Why, when speaking of the branded product Plasticine, did [do?] Irish teachers insist on using the Irish word marla? Even that word was, according to Terry Dolan’s Dictionary of Hiberno-English [Gill & Macmillan, Dublin 2004; new ed forthcoming], derived from the English marl.
At least in the nineteenth century, marl was a valuable manure or fertiliser and, on Lough Derg, Mr Head of the Derry Estate introduced a system of dredging it from deep water. Read about it here.
Posted in Economic activities, Engineering and construction, Extant waterways, Industrial heritage, Ireland, Irish inland waterways vessels, Operations, People, Scenery, Shannon, Sources, Steamers, The cattle trade, waterways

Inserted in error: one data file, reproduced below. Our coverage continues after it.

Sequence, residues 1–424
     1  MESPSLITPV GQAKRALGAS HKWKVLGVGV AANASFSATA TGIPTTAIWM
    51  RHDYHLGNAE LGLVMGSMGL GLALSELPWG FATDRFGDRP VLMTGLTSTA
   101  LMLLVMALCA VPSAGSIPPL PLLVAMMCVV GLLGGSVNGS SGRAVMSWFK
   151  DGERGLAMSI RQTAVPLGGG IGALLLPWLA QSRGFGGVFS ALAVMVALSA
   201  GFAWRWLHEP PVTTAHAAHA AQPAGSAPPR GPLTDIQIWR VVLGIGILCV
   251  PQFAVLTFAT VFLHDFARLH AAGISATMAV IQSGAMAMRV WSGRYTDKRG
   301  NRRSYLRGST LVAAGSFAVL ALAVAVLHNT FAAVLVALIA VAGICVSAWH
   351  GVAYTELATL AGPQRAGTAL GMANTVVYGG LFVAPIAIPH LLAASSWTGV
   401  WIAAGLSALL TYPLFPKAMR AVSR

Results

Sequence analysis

Tagged "marl dock", boats, broadford, Clare, Derry Castle, Derry estate, dredging, Dublin Society, fertiliser, Hely Dutton, Ireland, Killaloe, Lough Derg, manure, marl, Mr Head, Operations, Scarriff, Shannon, shelly, Spaight, Tipperary, vessels, waterways, workboat